See also: Is Homo floresiensis really that strange? – Zinjanthropus@ A Primate of Modern Aspect

A new, detailed and freely accessible paper, Reconstructing the Ups and Downs of Primate Brain Evolution: Implications for Adaptive Hypotheses and Homo floresiensis (provisional PDF) has just come online at BMC Biology, in which Stephen H. Montgomery et al discuss the reduced brain-size of Homo floresiensis, and suggest she is unlikely to have descended from Homo erectus, for which this is the abstract:


Brain size is a key adaptive trait. It is often assumed that increasing brain size was a general evolutionary trend in primates, yet recent fossil discoveries have documented brain size decreases in some lineages, raising the question of how general a trend there was for brains to increase in mass over evolutionary time. We present the first systematic phylogenetic analysis designed to answer this question.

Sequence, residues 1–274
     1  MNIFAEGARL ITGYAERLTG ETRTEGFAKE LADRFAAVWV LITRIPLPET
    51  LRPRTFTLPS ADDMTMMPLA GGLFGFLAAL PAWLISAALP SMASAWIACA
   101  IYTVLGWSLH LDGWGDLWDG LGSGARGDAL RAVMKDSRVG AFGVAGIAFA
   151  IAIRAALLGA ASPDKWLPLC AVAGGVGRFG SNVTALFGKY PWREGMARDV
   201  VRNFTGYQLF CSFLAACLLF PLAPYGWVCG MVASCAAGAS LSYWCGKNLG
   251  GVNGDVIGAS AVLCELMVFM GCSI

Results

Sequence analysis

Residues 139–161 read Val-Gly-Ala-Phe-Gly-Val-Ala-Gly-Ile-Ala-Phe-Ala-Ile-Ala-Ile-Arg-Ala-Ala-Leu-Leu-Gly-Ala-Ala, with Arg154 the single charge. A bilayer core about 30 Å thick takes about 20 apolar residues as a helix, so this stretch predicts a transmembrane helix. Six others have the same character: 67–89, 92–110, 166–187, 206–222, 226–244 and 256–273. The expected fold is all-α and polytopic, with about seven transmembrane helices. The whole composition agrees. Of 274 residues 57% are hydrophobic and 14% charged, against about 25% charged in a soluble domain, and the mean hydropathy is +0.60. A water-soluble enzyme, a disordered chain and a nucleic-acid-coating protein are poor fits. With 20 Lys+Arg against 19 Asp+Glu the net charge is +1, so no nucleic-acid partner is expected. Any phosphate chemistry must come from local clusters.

We performed ancestral state reconstructions of three traits (absolute brain mass, absolute body mass, relative brain mass) using 37 extant and 23 extinct primate species and three approaches to ancestral state reconstruction: parsimony, maximum likelihood and Bayesian Markov-chain Monte Carlo. Both absolute and relative brain mass generally increased over evolutionary time, but body mass did not. Nevertheless both absolute and relative brain mass decreased along several branches. Applying these results to the contentious case of Homo floresiensis, we find a number of scenarios under which the proposed evolution of the Homo floresiensis brain appears to be plausible, dependent on body mass and phylogenetic position.


Our results confirm that brain expansion began early in primate evolution and show that increases occurred in all major clades. Only in terms of an increase in absolute mass does the human lineage appear particularly striking, with both the rate of proportional change in mass and relative brain size having episodes of greater expansion elsewhere on the primate phylogeny. However, decreases in brain mass also occurred along branches in all major clades, and we conclude that, while selection has acted to enlarge primate brains, in some lineages this trend has been reversed.